No-deal Brexit to raise operator costs, warns BVRLA
Leaving the EU without a tariff-free trade deal could see the price of vehicles go up “about 10%” while the price of parts could rise “about 4.5%”.
So said Gerry Keaney, chief executive of the British Vehicle Rental and Leasing Association (BVRLA), at its Parliamentary Reception held yesterday at the House of Commons where he warned of the consequent increased prices for customers and the knock-on effect of inflation and a negative effect on economic productivity.
Speaking at the event, Keaney said Brexit is the most important factor affecting the rental and lease industry going forward into 2018.
“Brexit covers all aspects of our business and it needs to be broken down. It’s very clear from a governmental perspective, that Brexit means Brexit, so we’re going to leave the single market.
“This makes it absolutely clear for us: we need a trade agreement, which actually gives us a tariff free environment. I think that’s critical for our members.”
Keane also highlighted how the BVRLA must maintain an industry presence whether in or out of the EU.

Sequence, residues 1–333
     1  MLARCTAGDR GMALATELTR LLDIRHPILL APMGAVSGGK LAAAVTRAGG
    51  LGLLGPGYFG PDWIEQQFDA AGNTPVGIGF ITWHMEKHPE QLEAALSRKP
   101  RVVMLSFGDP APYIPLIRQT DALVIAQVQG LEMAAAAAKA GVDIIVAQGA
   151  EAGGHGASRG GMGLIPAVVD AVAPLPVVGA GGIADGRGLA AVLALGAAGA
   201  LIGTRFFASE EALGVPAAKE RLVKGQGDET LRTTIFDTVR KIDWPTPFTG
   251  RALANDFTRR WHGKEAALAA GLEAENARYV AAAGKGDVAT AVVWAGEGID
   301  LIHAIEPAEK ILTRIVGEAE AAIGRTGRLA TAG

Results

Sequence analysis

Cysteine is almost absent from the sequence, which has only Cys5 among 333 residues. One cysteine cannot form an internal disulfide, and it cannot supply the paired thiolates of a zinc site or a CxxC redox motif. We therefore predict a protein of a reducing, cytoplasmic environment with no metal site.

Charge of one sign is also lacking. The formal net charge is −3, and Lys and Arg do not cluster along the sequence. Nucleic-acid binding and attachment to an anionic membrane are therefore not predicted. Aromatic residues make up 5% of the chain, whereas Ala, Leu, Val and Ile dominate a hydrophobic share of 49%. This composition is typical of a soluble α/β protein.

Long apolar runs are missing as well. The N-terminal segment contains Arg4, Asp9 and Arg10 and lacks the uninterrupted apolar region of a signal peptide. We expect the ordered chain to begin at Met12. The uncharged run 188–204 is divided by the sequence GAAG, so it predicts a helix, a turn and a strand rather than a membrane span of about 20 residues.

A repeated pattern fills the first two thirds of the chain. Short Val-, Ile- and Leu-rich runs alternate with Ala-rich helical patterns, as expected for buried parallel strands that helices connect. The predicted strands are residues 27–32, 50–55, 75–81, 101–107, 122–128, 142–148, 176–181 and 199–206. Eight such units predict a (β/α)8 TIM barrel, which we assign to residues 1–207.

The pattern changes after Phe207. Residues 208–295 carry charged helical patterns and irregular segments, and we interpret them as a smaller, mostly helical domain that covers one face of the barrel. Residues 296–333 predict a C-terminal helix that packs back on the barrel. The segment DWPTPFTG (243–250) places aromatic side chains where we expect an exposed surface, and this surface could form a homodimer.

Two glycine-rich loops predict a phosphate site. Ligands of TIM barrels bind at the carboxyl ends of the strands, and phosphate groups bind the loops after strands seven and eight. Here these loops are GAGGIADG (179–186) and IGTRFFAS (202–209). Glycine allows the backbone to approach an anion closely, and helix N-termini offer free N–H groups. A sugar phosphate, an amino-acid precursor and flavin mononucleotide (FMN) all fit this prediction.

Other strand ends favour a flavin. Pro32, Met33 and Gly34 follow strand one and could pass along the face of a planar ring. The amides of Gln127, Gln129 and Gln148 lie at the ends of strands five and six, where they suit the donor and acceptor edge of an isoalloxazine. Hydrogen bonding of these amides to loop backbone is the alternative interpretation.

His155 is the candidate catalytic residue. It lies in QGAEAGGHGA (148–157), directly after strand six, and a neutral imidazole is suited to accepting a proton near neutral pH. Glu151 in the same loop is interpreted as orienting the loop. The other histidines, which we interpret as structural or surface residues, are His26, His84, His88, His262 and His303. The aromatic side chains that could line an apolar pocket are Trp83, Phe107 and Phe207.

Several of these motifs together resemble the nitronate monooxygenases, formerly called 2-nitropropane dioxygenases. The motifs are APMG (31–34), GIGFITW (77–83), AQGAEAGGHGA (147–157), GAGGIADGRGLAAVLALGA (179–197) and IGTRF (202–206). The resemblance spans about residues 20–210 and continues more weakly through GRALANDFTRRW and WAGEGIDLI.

“Despite Brexit, we need to be in the Houses of Parliament and also representing [the rental and leasing sector’s] interests in Brussels, whether we are or not in the EU, because that’s where a lot of these key decisions are going to be made,” he commented.
Whatever the Brexit situation, Keaney concluded that the EU will still be a large influence on policy for the UK automotive industry and that: “It seems impossible to see the UK outside of the regulatory environment, as it affects vehicle standards, CO2, NOx and particulate emission levels.” Similarly, for safety standards, decisions will continue to remain being made in Brussels.
Keaney stated that the BVRLA must maintain its voice in the EU, citing the example of the OBD (on-board diagnostics) port, which is used by telematics companies and was due to be scrapped. That decision was overturned thanks to pressure by the BVRLA in the EU via LeaseEurope and other interested parties.
Moving forwards, Keaney added that the BVRLA will lobby for Autonomous Emergency Braking systems to become standard, as data from Thatcham, for example, indicates, “AEB reduces major accidents in the order of 38%”.
Other key fleet issues highlighted by Keaney for 2017 and into 2018 included air quality and the direct impact electric and ultra-low emission vehicles have on air pollution, as well as vehicle taxation and counter-terrorism.